As the COVID-19 pandemic continues to sweep the globe, telemedicine and telehealth services have seen an unprecedented surge in demand. In the United States, medicare telehealth visits increased from 840,000 in 2019 to 52.7 million in 2020. This explosive growth is likely due to a number of factors: the ease and convenience of telehealth services, the lack of available in-person healthcare options, and heightened concerns about exposure to the virus.
In response to the increased demand for telehealth services, the Department of Health and Human Services (HHS) has issued a number of guidances that relax certain HIPAA standards to allow patients access to care. These guidances also allow providers more time to attend to patients, and less time focused around administrative duties. While this is good news for patients and providers alike, it also brings with it a host of new cyber security risks.
What HIPAA Standards Have Been Relaxed Due To COVID?
Although convenient for providers and patients, the guidances issued by HHS result in less secure transfer and storage of data. Despite these guidances, telehealth providers are still expected to take measures to protect patient data and adhere to HIPAA requirements. Below we list a few of the HHS guidances, and what telehealth providers can do to keep patient data secure.
According to the remote communications guidance, Under the good faith provision, telehealth providers are permitted to use telecommunication technologies that may not fully comply with HIPAA requirements, such as FaceTime and Skype. This poses a potential problem because these telecommunication technologies may leave vulnerabilities for patient data. For example, some of these telecommunication technologies may not be encrypted, which means telehealth providers using these platforms to communicate with patients could risk exposing patient data in transit.
In an effort to protect data, providers should look into and encourage the use of encrypted HIPAA compliant telecommunication technologies such Doxy.me, Zoom for healthcare, and Updox for telehealth visits. See the HHS guidance for a more thorough list of acceptable (and unacceptable) telecommunication options during the COVID-19 pandemic.
Inherent in the previously mentioned telecommunication guidance is the fact that health care providers can see patients at home or other non-traditional locations without violating HIPAA requirements. This poses a potential data security problem because telehealth providers have little control over their patient’s environment (network, devices/software) which could potentially lead to a data breach.
To mitigate the risk of a data breach, telehealth providers should encourage their patients to install and use anti-virus software (Kaspersky’s Security Cloud is a good free option) and only connect to their consultations via secure networks.
Sharing of Patient Information
HHS also relaxed HIPAA’s prohibition on telehealth providers sharing of patient information. This now allows that covered entities may disclose, without a patient’s authorization, protected health information about the patient as necessary to treat the patient or to treat a different patient. Sharing of patient information is also permitted to prevent or lessen a serious and imminent threat to the health and safety of a person or the public.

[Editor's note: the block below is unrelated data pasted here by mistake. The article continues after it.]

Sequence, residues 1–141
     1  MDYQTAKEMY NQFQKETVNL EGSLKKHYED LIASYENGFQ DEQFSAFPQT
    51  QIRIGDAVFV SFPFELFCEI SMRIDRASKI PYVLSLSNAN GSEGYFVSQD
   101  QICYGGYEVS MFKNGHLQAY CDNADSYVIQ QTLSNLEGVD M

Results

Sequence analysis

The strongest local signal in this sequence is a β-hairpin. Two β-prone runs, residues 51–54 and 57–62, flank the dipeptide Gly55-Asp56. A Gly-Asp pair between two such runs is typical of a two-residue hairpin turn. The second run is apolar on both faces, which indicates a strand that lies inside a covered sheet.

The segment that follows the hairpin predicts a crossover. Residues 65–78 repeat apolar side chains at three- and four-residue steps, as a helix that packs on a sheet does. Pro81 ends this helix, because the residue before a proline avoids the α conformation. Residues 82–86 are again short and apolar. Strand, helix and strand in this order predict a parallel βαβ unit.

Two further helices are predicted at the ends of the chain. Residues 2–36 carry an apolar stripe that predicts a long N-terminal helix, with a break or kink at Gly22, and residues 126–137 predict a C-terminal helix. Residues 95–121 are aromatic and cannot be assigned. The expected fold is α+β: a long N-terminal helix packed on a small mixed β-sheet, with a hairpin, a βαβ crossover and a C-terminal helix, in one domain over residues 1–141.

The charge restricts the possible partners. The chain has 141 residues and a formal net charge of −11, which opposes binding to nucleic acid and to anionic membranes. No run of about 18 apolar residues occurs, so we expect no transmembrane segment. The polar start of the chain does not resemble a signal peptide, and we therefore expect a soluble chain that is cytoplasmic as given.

Although health providers are allowed to share this information, they should only do so with trusted health professionals who will not abuse the privilege. Sharing should be limited as much as possible.
Operating in Unlicensed States
HHS has also clarified the circumstances under which a provider is permitted to treat patients in states where they do not have active licenses. This rule states that covered healthcare providers can provide telehealth services to patients in other states as long as they adhere to the telehealth laws of the patient’s home state. This has cyber security repercussions because it risks exposing patient data to healthcare professionals who do not have fully secure systems.
In order to mitigate risk, health providers should ensure they review telehealth guidelines by state before providing services in that particular state. If they cannot meet those guidelines, they should refrain from providing services to patients in those states. To get a better understanding of what is required in a certain state and the status of this waiver, you can view the AMA’s up-to-date list of telehealth laws and COVID amendments by state.
Timing of Treatment
HHS has also relaxed the timing requirements for treatment under HIPAA. This means that telehealth providers are no longer required to document the date and time of every telehealth interaction.
While this may seem like a win for telehealth providers, it could also lead to an increase in data breaches as telehealth interactions are not properly documented. To mitigate this risk, telehealth providers should continue to document all telehealth visits, even if not required by HIPAA.
Health providers must exercise caution when adopting telemedicine or telehealth services in light of the relaxed HIPAA standards. Although these guidelines allow telehealth providers to provide care during a global pandemic, they also increase cyber security risks.
The telehealth industry is relatively new and will likely experience growing pains as telehealth providers try to balance meeting HIPAA requirements with providing quality care to their patients. By being mindful of the cyber security risks, telehealth providers can safely provide telemedicine and telehealth services during this time of crisis.
Are you a telehealth provider with further questions regarding HIPAA compliance? Feel free to reach out to Red Lion and we’d be glad to help!